Dutch agree on joint drug fight in Antilles

11th January 2005, Comments 0 comments

11 January 2005, AMSTERDAM — The Dutch government has agreed to send extra military police officers and customs officials to the Netherlands Antilles to jointly combat the drug trade between the two nations.


11 January 2005

AMSTERDAM — The Dutch government has agreed to send extra military police officers and customs officials to the Netherlands Antilles to jointly combat the drug trade between the two nations.

Justice Minister Piet Hein Donner and Kingdom Relations Minister Thom de Graaf reached the agreement on Monday with Antillean Justice Minister Norberto Ribeiro.

The Dutch officers will be deployed at the Curacao and Bonaire airports from March this year and will remain in the Antilles for a maximum of two years, news service NOS reported on Tuesday.

The 13 military police officers and 12 customs officials will assist Antillean colleagues to perform extra drug inspections at both airports. It is also possible that additional personnel will be dispatched to the airport on Sint Maarten when its first inspection team is established.

De Graaf also promised last month to send in total 40 detectives and 20 other police officers to combat criminality in the Antilles, primarily on the island of Curacao. They could start work as early as February and De Graaf hopes to reach a definite agreement during the current state visit.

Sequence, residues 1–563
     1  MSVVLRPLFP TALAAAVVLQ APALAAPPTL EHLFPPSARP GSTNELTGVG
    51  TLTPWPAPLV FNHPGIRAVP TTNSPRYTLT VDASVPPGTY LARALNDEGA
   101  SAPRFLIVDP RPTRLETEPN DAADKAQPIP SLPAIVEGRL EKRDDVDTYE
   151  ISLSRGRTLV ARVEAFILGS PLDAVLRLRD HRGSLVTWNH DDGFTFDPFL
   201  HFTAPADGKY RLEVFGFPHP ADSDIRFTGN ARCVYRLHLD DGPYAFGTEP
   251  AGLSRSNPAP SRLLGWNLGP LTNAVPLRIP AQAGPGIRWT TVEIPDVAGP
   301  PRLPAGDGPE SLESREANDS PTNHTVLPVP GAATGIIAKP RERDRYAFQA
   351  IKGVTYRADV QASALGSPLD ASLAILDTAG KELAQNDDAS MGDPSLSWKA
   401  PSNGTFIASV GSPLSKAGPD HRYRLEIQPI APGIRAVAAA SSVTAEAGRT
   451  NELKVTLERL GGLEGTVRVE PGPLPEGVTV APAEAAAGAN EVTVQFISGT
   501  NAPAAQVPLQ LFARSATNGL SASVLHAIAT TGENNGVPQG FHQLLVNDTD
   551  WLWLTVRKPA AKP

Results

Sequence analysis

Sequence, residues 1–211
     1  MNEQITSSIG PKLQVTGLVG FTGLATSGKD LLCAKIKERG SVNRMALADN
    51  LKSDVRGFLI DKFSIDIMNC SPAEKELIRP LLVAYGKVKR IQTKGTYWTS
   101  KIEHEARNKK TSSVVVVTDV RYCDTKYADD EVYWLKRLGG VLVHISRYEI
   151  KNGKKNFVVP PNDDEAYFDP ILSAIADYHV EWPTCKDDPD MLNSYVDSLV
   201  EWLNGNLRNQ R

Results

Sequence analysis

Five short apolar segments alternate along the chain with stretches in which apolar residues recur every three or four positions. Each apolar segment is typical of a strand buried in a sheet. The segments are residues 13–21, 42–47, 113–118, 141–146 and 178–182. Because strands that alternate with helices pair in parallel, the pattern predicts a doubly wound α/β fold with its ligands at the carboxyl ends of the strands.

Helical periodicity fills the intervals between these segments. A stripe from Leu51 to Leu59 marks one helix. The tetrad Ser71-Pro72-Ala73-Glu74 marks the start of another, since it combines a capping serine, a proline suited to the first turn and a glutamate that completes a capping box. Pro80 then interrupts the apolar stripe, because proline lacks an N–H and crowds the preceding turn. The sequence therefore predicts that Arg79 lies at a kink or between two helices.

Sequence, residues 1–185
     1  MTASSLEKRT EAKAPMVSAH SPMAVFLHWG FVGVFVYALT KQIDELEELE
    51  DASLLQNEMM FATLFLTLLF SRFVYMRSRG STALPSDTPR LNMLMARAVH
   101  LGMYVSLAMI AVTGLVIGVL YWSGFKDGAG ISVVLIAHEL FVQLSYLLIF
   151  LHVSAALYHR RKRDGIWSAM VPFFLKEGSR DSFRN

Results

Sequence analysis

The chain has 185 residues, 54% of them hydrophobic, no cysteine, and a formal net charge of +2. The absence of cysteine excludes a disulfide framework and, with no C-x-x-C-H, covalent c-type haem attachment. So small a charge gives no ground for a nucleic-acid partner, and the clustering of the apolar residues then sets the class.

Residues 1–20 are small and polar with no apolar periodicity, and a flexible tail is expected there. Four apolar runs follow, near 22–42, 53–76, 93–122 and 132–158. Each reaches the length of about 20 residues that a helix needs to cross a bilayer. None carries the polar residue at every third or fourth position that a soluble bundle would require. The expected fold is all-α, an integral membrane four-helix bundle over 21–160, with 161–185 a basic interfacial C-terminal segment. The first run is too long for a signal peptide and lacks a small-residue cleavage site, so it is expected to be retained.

The Netherlands Antilles has a been a thorn in the side for Dutch justice authorities for some time due to the regular cocaine shipments smuggled from the Caribbean islands into the Netherlands via Schiphol Airport in Amsterdam.

Together with Aruba and the Netherlands, the Antilles is part of the Dutch Kingdom. It is made up of five islands, namely Curacao, Bonaire, Saba, Sint Eustatius, and Sint Maarten (the Dutch part of the island of Saint Martin).

But Minister Donner said the Dutch government's crackdown on the drug trade was proving successful, asserting that the number of smugglers had been reduced. He also wants to continue with the so-called 100 percent inspections at Schiphol, in which all arriving passengers from the Antilles are searched for drugs.

The agreement to initiate joint drug inspections in the Antilles must still be presented to Defence Minister Henk Kamp, Finance State Secretary Joop Wijn and Antillean Finance Minister Ersilia de Lannooy. But Donner and

Ribeiro expect that the various ministers involved will approve of the new approach.
Donner will return home to the Netherlands on Tuesday and De Graaf will remain in the Antilles until Wednesday night.

[Copyright Expatica News 2005]

Subject: Dutch news

 

 


 

0 Comments To This Article